Building a Dependent Nation, By Adejoh Idoko Momoh
There has never been a more pressing time for economic revival in Nigeria and President Muhammadu Buhari knows this. Little wonder he spent the better part of his campaign announcing welfare schemes backed by bold ideas that promise to ultimately bring Nigeria’s poverty crisis to a halt. Most interesting of them is a scheme that will pay between N5, 000 and N10, 000 per month to the poorest 25 million Nigerians.
The scheme was first talked about when the All Progressives Congress launched its manifesto in 2014 and from the onset I have had reservations. I wondered if there was a time frame for the implementation of this program or if it will continue indefinitely? What intent this paltry cash sums will serve? Will people be expected to start small or household businesses with these sums? Will the funds be strictly for sustenance?
In a bid to deliver drastic change, we must be careful not to attempt lofty projects that will in the end threaten to cripple the same economy that we urgently seek to restore.
This programme alone if implemented as planned will cost Nigeria some N3 trillion annually. Can the economy in its present state bear this expenditure? If oil prices continue to hover around its current price, where will funds for this program come from? If 3trn is dedicated for a single welfare scheme, will there be leftover funds to implement the free feeding and housing schemes or the education plan?
In light of the enormity of this expense and the state of the Nigerian economy, it is unjustifiable and short sighted to spend 3trn on a single aspect of our population.
There are two very important things an economy like Nigeria needs and this scheme does not propose to deliver on any one of them. Nigeria needs funds to keep governance running and jobs that keep the citizens employed.
It is commendable to have schemes that provide deliberate assistance exclusively to the poor but for an economy that suffers a manpower shortage, these proposals must require beneficiaries to actually work and contribute in capacities however small to national development. We must be wary of creating a culture of dependency where poverty becomes convenient and rather than aspire from it, citizens choose to remain in it because of the perks or handouts they get from the government.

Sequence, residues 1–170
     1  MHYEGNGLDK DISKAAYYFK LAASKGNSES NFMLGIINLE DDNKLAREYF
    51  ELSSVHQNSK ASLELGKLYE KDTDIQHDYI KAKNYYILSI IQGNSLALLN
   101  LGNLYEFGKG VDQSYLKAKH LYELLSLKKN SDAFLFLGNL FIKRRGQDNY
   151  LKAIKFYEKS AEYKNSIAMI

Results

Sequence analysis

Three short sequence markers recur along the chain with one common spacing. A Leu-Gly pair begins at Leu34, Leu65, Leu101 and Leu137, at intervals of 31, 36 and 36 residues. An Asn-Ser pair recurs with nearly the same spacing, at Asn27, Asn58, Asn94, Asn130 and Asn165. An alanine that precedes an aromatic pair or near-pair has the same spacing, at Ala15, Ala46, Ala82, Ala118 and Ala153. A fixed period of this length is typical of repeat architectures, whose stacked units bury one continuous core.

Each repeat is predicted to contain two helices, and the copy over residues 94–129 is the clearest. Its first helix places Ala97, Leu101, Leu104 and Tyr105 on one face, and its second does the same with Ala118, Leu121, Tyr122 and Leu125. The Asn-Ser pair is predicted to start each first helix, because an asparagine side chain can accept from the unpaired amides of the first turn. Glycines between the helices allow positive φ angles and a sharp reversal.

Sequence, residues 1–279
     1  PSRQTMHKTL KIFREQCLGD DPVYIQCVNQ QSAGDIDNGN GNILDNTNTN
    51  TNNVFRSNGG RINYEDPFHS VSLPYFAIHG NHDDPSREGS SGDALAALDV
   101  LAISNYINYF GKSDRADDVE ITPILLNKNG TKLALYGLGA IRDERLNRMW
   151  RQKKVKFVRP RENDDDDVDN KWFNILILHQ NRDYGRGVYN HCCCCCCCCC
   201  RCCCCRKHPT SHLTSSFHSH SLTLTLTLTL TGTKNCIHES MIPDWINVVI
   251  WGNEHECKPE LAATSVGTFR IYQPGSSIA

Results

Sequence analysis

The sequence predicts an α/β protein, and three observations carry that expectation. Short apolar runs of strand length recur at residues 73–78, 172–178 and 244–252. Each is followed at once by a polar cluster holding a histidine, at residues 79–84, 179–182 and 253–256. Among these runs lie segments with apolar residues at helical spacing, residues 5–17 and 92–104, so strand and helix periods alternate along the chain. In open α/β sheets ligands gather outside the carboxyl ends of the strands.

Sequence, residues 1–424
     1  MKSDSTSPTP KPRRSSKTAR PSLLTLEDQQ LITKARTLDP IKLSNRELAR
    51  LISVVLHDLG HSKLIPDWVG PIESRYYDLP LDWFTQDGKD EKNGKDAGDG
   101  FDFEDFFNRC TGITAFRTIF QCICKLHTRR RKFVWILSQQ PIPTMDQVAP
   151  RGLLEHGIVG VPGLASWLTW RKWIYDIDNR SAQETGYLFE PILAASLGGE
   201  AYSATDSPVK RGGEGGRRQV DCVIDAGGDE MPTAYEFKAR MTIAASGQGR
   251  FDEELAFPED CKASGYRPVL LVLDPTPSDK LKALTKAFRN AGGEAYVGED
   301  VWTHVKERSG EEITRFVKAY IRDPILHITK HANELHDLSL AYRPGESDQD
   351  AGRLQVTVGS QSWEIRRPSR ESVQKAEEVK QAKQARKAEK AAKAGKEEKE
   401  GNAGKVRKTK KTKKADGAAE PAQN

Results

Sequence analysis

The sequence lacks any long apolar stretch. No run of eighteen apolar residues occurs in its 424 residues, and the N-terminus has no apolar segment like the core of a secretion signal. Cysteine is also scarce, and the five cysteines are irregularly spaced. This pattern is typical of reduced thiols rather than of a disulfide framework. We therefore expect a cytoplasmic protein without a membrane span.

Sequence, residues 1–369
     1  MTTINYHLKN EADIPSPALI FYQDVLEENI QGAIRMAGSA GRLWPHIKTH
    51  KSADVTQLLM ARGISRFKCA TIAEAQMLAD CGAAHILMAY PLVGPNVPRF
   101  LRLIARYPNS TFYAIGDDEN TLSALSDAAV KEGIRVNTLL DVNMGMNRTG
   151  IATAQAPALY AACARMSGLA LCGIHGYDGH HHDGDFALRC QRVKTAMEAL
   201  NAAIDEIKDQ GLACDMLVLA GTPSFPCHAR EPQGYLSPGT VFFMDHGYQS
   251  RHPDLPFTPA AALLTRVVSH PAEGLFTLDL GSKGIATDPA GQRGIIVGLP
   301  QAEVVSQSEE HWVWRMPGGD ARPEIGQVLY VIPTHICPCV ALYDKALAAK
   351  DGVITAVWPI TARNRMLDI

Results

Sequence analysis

Yes, there must be welfare schemes and the Federal Government must do everything within its power to lift Nigerians from extreme poverty, but that can be done by creating jobs instead of doling out cash sums. This approach will solve the employment crisis on our hands and free up the proposed N3trn annual expenditure for use in more important and clearly challenged sectors.
The solutions must include teaching transferrable skills from which people can trade, creating a more conducive environment for small businesses to thrive, plugging leakages, crafting a robust development agenda that creates millions of direct and indirect jobs annually, ensuring qualitative and realistic education amongst others.
President Muhammadu Buhari’s aim must be to leave behind a self reliant Nigeria: One where every citizen is inspired to achieve prosperity through hard work and not one where citizens are reliant on welfare schemes that are not sustainable and therefore will be short lived at best. Skills development and small businesses that create employment must be the backbone of our economy. Small and Medium Scale Enterprises that grow into bigger ones are the only way we can create jobs: Real and sustainable jobs.
Besides all these, Nigeria cannot simply afford this spending: the national debt is some $69.6bn, high as it is the 2015 budget intends to increase it to about $87.3bn. Oil prices are at an all time low and government earnings have decreased dramatically. The naira is devalued and currently exchanges for about N207 to the dollar and it continues to be in a free fall. All these are not conditions favorable to welfare implementation.
Even when conditions are favorable, programs such as this should only be implemented as last resort, as they leave the government with even higher expenditures and do not necessarily ensure increased disposable income.
The All Progressives Congress and President Muhammadu Buhari will do well to rethink these plans and make certain they contribute to building more valuable citizens. Poverty in Nigeria must be reduced to the barest minimum, but this reduction must be guided by the principles of hard work and commitment to nation building.
After all is considered, the point of welfare should be building a more progressive nation and citizenry rather than one that is reliant on government benefits.